Nairn was a room-mate of Perinchief’s at the University of Arkansas. “We were room-mates for 2½ years and since 2012 we’ve been friends,” said Nairn, who was supposed to jump against Perinchief in the triple jump.

“He didn’t want me to jump because I just came from the long jump,” Nairn explained. “He said ‘you don’t have to jump’, and I said ‘OK’.

“I’m done with school, I graduated last year and working on some stuff so that I can get a contract to stay in America and train. It should work out.”

Local athletes turned in some good performances in the championships, with Zenji Washington winning both the under-17 girls 100 and 200 metres against Arima Turner and Jahstice Grant.

Dage Minors was a comfortable winner in the open 800 and 5,000 metres races, clocking a time of 15min 23.62sec in the latter to finish ahead of Seamus Fearon and Sean Trott.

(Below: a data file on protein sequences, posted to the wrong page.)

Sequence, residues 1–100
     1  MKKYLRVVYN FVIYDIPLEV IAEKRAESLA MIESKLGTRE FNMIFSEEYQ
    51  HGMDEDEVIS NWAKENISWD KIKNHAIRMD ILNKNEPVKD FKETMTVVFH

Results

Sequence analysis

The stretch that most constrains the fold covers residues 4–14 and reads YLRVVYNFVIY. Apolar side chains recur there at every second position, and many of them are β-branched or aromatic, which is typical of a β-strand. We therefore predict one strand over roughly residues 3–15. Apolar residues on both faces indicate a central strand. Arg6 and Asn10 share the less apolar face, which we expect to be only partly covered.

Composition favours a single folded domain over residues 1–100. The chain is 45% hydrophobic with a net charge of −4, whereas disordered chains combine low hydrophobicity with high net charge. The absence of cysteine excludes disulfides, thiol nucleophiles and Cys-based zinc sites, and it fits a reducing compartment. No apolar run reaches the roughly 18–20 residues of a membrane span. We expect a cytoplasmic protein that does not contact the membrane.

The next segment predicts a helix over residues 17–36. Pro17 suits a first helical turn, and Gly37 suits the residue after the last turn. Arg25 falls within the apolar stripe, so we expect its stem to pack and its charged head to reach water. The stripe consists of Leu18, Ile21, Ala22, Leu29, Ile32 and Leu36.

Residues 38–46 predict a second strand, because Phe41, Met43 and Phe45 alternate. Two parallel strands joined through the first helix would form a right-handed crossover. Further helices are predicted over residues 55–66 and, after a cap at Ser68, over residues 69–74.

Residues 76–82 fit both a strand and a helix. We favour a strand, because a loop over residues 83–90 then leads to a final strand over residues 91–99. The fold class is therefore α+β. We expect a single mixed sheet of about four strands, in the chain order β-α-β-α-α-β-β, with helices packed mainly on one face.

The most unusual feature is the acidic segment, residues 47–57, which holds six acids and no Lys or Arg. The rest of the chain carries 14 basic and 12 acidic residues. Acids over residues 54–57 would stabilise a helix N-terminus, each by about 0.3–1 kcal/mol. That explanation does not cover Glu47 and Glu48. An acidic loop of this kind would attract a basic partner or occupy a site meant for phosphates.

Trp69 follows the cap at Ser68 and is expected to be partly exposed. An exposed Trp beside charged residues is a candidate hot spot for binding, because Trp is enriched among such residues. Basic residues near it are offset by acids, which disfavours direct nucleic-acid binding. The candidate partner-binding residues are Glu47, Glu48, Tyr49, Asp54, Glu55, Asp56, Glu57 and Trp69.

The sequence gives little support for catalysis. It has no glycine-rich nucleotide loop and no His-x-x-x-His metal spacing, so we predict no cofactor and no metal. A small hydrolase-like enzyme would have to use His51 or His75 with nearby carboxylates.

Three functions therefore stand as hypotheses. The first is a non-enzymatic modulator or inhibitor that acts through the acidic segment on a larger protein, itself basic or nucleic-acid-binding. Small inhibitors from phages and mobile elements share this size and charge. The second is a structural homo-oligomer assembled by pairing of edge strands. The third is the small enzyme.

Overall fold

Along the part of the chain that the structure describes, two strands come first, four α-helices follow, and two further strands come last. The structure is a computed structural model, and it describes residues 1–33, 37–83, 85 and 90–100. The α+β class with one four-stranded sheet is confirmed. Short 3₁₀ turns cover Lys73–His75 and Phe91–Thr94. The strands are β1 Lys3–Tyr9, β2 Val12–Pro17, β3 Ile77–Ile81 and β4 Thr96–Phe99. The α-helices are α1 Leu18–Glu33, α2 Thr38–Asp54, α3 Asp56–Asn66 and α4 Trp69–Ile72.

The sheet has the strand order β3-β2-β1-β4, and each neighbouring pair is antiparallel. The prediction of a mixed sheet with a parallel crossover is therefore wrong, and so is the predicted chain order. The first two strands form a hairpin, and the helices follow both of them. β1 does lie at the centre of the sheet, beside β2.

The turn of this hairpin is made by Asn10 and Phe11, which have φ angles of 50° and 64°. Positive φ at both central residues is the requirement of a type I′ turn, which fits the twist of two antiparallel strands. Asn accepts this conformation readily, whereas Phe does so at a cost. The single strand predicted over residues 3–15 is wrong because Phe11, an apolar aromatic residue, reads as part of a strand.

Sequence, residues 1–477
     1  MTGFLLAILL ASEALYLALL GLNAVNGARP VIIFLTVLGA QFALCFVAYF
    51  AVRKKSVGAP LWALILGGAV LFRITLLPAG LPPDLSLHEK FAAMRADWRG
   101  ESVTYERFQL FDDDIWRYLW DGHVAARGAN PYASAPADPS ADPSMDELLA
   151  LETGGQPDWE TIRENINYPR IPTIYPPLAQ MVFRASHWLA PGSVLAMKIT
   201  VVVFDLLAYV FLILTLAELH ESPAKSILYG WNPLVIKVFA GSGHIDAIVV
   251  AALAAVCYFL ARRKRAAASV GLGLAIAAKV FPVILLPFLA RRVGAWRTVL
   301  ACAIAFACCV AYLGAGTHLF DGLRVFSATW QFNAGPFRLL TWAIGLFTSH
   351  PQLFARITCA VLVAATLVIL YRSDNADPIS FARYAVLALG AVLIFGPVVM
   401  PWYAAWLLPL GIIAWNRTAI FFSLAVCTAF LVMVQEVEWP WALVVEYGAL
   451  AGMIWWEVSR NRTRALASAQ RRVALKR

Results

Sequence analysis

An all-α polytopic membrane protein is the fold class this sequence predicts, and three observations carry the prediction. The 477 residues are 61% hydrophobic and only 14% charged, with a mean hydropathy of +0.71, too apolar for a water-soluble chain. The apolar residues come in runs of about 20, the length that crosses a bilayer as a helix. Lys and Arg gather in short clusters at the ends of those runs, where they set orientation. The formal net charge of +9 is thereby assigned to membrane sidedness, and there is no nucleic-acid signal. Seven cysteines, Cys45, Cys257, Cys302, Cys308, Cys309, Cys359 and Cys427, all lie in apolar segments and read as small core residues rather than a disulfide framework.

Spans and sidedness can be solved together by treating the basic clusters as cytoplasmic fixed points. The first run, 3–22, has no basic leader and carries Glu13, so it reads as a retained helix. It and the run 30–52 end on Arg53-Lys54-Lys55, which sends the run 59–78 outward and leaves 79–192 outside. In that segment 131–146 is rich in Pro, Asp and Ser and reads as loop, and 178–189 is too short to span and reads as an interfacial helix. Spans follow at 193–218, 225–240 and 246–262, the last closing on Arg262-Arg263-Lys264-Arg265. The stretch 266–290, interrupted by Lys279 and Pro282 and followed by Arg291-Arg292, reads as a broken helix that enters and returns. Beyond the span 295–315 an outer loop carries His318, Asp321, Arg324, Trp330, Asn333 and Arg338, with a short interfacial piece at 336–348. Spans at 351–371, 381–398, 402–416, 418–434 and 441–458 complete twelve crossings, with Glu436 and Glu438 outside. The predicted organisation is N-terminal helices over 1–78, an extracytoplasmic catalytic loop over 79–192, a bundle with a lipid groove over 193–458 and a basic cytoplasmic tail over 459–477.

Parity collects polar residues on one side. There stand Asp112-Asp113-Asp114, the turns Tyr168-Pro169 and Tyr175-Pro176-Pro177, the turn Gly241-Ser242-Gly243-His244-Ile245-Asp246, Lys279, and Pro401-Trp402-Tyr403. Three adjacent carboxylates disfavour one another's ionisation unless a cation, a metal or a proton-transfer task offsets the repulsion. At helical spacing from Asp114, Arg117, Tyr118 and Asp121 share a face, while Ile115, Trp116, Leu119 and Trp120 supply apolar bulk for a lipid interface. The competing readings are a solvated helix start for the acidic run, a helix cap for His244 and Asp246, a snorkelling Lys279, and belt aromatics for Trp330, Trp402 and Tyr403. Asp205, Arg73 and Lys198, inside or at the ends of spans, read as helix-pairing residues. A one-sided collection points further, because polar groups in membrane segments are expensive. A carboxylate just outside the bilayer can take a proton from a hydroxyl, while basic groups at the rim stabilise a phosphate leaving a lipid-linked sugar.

Suresh Black won both the open 100 and 200 metres races, and also took the 800 metres in 1:54.20. Nirobi Smith-Mills won the under-20 800 metres and Nathan Armstrong the under-20 1,500 metres ahead of Nick Pilgrim.

Jake Brislane won the under-17 1,500 metres race in 4:20.06, with J’Auza James second in 4:46.00. James had a personal best in the high jump with his leap of 1.73 metres beating his old mark of 1.63.

“It’s a new beginning for me, coming back off not having track for two years, it’s a good start back into high jump,” said James, a student at Berkeley.

“I learnt from today’s mistakes and when I come back to training and start to develop more, it’s going to be better for me from here on.